Gov. Gretchen Whitmer addressed the State of Michigan after a plan to kidnap her and other Michigan government officials was thwarted by state and federal law enforcement agencies. She started by saying thank you to law enforcement and FBI agents who participated in stopping this [...]
By Dan Woog
There’s more to Justice Calo Reign’s uniqueness than his name.
He’s an African-American gay man who graduated from the United States Air Force Academy. He’s one of only 2 percent of the Cadet population to receive the Commandant’s Award coming out of basic training, and one of fewer than 2 percent to hold positions of squadron commander and team captain during the same academic year.
Reign has been both a football conference champion and a school record holder in track.
A commissioned Kentucky Colonel – bestowed by the governor – for his work with youth character development, Reign went on to become CEO of a private foundation. He has worked with business people and elected officials in Nigeria, the Philippines, Canada, Thailand and Cambodia.
“I have enjoyed success at every phase of my life,” Reign says. “But I also know what it’s like to enter a real zone of defeat due to internal issues of my life that distracted me from using all of my strengths to make this world the best world I can make it.”
Which is one reason he is now a coach – in every sense of the world. His Reign Group seeks to create “champions” in a wide range of fields, from philanthropy and social entrepreneurship to sports.
“We at The Reign Group are on a mission to change the world,” his website reads. “We are not interested in individuals who are satisfied with mediocrity or the status quo. We are interested in individuals who are willing to train their hearts and minds to connect fully with their strengths, (and) become Champions in their endeavors.”
Reign’s athletic resume is impressive. As sprints and hurdle coach at the Air Force Academy, he coached five conference champions, nine NCAA championship qualifiers and three Olympic trials qualifiers.
At the University of Louisville, the program reached the NCAA Top 25 for the first time ever. He recruited eight national champions in two years, and coached athletes to 16 school records.
Currently, he’s working with one of the top female boxers in the country.
But, he says, life has not always been a straight run to success. He lost his job at Louisville when he was outed, he says. “I was told that because (being gay) would show poorly on the program, I should have let them know ahead of time.” He was the target, he says, of “horrific” voicemail messages and email comments.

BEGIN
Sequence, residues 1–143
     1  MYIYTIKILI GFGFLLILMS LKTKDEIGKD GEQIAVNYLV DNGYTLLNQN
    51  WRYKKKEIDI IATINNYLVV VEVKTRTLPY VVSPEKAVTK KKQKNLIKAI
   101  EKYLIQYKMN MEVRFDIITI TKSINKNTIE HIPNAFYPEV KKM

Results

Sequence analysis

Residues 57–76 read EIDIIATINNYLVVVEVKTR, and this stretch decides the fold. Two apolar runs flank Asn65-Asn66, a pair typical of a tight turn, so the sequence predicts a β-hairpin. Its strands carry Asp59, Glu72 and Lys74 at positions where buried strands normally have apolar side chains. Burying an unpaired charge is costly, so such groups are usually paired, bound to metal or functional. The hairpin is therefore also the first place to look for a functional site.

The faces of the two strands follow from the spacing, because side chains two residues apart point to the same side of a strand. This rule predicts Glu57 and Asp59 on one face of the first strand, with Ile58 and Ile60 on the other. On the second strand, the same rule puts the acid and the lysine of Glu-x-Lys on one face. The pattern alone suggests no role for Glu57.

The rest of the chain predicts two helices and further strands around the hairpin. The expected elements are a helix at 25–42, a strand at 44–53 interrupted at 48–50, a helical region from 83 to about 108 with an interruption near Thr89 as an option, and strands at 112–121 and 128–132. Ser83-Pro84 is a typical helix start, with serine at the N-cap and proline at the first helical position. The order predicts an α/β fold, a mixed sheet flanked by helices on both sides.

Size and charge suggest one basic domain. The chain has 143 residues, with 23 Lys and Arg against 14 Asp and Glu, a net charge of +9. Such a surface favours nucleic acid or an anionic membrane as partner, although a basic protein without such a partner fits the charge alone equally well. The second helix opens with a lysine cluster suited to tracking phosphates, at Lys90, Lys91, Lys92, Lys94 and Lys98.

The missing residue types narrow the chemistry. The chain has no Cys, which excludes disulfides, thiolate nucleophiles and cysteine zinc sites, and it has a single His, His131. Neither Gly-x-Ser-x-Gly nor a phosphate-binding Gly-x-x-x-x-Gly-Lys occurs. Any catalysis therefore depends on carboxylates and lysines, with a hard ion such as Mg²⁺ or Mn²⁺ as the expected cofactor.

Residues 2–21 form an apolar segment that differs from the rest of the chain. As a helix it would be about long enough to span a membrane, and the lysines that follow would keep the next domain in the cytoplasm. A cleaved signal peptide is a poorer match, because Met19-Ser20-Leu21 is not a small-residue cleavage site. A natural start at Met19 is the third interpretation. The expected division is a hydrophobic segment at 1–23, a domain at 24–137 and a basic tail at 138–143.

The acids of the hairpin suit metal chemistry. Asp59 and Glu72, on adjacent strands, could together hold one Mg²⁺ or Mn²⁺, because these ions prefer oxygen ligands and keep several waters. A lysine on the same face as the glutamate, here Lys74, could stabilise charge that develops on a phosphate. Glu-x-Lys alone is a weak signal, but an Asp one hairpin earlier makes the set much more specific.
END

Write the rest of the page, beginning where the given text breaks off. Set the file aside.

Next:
“I had just taken freshmen to the NCAAs. We were training for the world championships,” he recalls. “The whole program I built crumbled. It was very disheartening.”
Earlier, a Louisville athlete had come out to Reign. Between that experience and his own, he says, “I really see how homophobia is used as a weapon in sports.” However, he does not point to bigotry as the cause. “I think it’s about control – a way to control people,” he says. “It’s used as a recruitment weapon.”
In the acceptance of homosexuality, he says, coaches lag far behind athletes. “If you’re teammates with someone who’s gay, so long as you do your job, they don’t care.”
He points to his own example. “For a while, I lied,” he says. “I told my athletes I wasn’t gay. But when I finally came out, they said, ‘So what?’ The holdup is in the older regime’s thoughts about masculinity and femininity. It’s antiquated. Coaches and administrators, they need to understand the student-athlete’s mind, and get it.”
Through his life experiences, Reign helps the men and women he coaches “manage their emotional energy.” He had a rough childhood – there was more going on in his Christian, military, conservative environment than questions of sexuality – but, he says, “I focused on my strengths. If you have the right mindset, you can deal with any negative influences.” That’s true, he says, whether you’re training for an upcoming race, a bout in the boxing ring, or asking for money to fund a project.
Gay youth are important to Reign. “They feel like they’re in a war zone,” the Air Force Academy graduate says. He equates war and sports. Both, he says, are far tougher mentally than physically.
Much of Reign’s training centers not on running harder or throwing better combinations of punches, but on “how to use your strengths to overcome adversity, how to interact with teammates, how to be a positive person.”
Not all of Reign’s athletic work is with LGBT clients. But, he says, “I do see a certain type of urgency in them, something that’s not there in others.” For LGBT athletes, he says, “sports performance is almost a way of validating who they are. They’re very harsh on themselves.”
So Reign focuses on “saying what’s right with them, not what’s wrong.” It’s a formula, he says, for “exponential growth and change.”
He’s doing his part to make sure that, for gay athletes, peak performance will come – and justice will reign.